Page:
I don’t believe in thoughts and prayers. I don’t believe in tarot, Ouija or I Ching. I don’t believe in providence, fate, or luck. I don’t believe in messiahs, miracles, or silver bullets.
I don’t believe in progress. I don’t believe things are moving inevitably toward a better world.
I believe in people. I trust people to get things done. I believe in work.
I trust people because I don’t know what else to trust. I trust people because people create such amazing things: art, music and poetry, not to mention toilets, prosthetics, vaccines, therapies, disease-resistant crops, bridges, treaties, trade agreements, safe cars, safe planes, and laws to protect the vulnerable from the ruthless.
And yet, people mess up. Sometimes horribly.
We allow famine, war, and global warming. We create flamethrowers, bombs and assault weapons. We allow the powerful to screw the weak and laugh about it up their sleeves.
Still, I trust people to work things out. I’m hopeful.
After all, I don’t believe in “original sin.” I believe in “original blessing.” I believe we have it in us to do great things. I trust people to see what’s gone wrong, make it right, mend the world, and keep at it endlessly.
And then I remember Sisyphus.
Sisyphus was condemned by Zeus to push a giant boulder up a steep hill. He never clears the top with it. It always rolls back down to the bottom. Endlessly. It’s a myth, of course, which means it never was but always is.
Sometimes I worry that I’m Sisyphus and that trusting people is pushing my luck like a giant boulder up a steep hill.
But why not?
Living in hope and trust, if you can manage it, is the way to go. Don’t worry, be happy!
What about both/and. I worry and am happy. As Albert Camus said: We must imagine Sisyphus happy. I don’t know about “must.” But I suppose we can. And I do.
The person I have admired most in the world, Mother Teresa, said “God doesn’t ask you to succeed, he only asks you to try.”
Thanks, Betty. That is one of my favorite aphorisms as well. We just keep pushing until we can’t anymore!
“We allow famine, war, and global warming. ”
It’s surprising to hear that line from a student of Yuval Harari, whose great book Homo Deus — as you know — describes how much “we” (mankind) have done to greatly reduce war and famine.
Isn’t it a bit presumptuous to say that any of us have “allow(ed)” those phenomena, as if we have a choice? Personally I refuse to admit that I’ve “allowed” those things, in any meaningful sense of the word.
The collective “we” goes both ways. “We” get credit for many things we had no hand in creating just because we’re part of humankind. And likewise, “we” must take blame for things that go awry. I agree with Abraham Heschel’s aphorism. We are not all guilty, but we are all responsibile. He or someone else said: While the German Christians sang their Gregorian chants, the trains rolled on. I think that’s called “complicity.”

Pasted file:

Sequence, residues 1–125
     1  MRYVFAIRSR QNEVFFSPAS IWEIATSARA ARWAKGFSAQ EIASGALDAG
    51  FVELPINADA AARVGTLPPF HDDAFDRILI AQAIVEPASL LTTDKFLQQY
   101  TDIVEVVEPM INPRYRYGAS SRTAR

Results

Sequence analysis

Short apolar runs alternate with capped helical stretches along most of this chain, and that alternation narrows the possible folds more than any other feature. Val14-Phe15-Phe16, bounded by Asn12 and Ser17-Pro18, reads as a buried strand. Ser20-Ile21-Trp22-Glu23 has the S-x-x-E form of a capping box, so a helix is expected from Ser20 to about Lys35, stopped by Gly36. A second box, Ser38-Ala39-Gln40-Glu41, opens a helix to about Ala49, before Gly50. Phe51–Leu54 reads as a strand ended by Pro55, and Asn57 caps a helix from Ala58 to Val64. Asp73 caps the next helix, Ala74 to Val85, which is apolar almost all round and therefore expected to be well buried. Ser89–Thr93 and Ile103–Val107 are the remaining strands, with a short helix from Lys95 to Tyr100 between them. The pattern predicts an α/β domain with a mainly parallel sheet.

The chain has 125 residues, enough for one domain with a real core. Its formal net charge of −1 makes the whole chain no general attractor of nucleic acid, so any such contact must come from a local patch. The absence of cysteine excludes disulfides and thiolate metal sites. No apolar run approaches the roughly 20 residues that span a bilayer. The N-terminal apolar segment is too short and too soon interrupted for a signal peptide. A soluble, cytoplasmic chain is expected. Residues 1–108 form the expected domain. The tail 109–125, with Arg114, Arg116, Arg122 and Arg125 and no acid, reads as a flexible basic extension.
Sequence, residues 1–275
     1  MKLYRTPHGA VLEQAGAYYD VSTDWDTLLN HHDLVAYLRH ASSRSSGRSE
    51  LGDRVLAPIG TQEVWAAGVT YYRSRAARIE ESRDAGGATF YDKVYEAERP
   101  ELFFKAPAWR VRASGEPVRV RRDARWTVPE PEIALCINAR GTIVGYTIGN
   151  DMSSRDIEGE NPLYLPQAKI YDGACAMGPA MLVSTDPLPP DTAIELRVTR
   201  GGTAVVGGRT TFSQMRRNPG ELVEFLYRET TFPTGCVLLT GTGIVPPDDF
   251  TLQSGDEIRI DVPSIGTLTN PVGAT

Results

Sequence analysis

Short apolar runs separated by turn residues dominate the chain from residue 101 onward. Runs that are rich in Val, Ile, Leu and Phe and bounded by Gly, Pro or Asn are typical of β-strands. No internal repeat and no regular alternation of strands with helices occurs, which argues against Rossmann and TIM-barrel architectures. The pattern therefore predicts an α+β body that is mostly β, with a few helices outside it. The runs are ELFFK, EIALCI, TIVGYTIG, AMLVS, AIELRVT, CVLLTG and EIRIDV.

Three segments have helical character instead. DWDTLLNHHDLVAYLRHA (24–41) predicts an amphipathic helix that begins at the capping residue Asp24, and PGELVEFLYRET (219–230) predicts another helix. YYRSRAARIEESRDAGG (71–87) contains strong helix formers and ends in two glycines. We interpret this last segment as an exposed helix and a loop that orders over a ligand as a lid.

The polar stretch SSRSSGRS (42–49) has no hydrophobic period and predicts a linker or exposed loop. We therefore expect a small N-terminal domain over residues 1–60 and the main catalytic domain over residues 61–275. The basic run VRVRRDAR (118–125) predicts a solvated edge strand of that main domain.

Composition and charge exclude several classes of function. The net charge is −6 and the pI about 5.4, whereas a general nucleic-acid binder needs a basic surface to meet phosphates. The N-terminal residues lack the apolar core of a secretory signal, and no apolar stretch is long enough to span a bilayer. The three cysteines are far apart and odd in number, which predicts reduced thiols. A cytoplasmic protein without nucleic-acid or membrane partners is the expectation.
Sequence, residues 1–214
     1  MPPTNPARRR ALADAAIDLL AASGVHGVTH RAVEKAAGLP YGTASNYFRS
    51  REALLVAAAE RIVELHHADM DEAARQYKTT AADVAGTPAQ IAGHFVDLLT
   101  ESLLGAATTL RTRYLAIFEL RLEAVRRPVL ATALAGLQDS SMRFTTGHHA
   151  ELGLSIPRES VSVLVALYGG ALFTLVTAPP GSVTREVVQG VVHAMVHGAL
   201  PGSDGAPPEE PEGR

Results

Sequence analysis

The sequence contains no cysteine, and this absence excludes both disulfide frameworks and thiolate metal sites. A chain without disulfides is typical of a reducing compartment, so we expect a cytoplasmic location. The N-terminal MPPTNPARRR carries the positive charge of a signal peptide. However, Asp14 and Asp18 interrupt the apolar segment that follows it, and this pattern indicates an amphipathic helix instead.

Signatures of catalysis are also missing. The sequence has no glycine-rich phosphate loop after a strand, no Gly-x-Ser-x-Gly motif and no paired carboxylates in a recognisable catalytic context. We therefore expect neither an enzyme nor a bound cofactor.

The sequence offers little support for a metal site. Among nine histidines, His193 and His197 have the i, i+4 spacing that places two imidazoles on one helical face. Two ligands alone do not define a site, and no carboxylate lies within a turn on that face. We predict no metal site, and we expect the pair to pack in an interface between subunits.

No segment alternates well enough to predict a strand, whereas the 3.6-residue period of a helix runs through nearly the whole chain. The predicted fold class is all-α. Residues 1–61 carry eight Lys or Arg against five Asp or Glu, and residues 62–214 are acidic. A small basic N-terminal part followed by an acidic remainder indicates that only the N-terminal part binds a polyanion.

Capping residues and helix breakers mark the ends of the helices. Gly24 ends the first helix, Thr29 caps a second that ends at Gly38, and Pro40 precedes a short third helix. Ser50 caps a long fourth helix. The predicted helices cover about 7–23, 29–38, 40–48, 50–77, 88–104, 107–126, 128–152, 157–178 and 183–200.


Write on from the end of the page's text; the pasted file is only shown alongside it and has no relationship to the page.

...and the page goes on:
Thanks for the thoughtful and interesting posting. Rolling stones seem to be a popular focus of myths, whether you are rolling them up a hill or to open a tomb. I guess individuals and societies are inclined to knead myths into a perceived shape even if the final product comes out half baked in the long run.
Astute, my friend. “Rolling Stones” would be good name for a blog or a band, don’t you think?
Your viewpoint offers some very sound practical guidance on how to live one’s life but I am not sure it covers the basic question that mystics, philosophers, saints, etc. have been offering insight into throughout civilization. Who are we and what is the meaning of life? It does seem to promote “humanism” and perhaps even a dose of ‘agnosticism’. I find that I need something more than just hoping that I am alive during a good cycle and “God, save me from fates worse than my own.”
Hey Michael, Not to worry: I am working on an answer to “what is the meaning of life.” Stay tuned. 🙂
Your opening lines remind me of a John Lennon song from one of his first post Beatle albums. He cites a long list of things he doesn’t believe in anymore, including The Beatles, before affirming that he is finally left with nothing except believing in himself and his wife. It finally boils down to an existential declaration. “I just believe in me; and that’s reality.” However, as you have succinctly pointed out, none of us can make this journey alone. I always felt that Sisyphus and Prometheus got a raw deal. Prometheus was chained to his rock, but Sisyphus could have walked away from his stone anytime he wanted to. Let’s face it, the gods are capricious
I definitely had that Lennon song in mind. My first draft included: I don’t believe in Lennon, Yoko, or Beatles.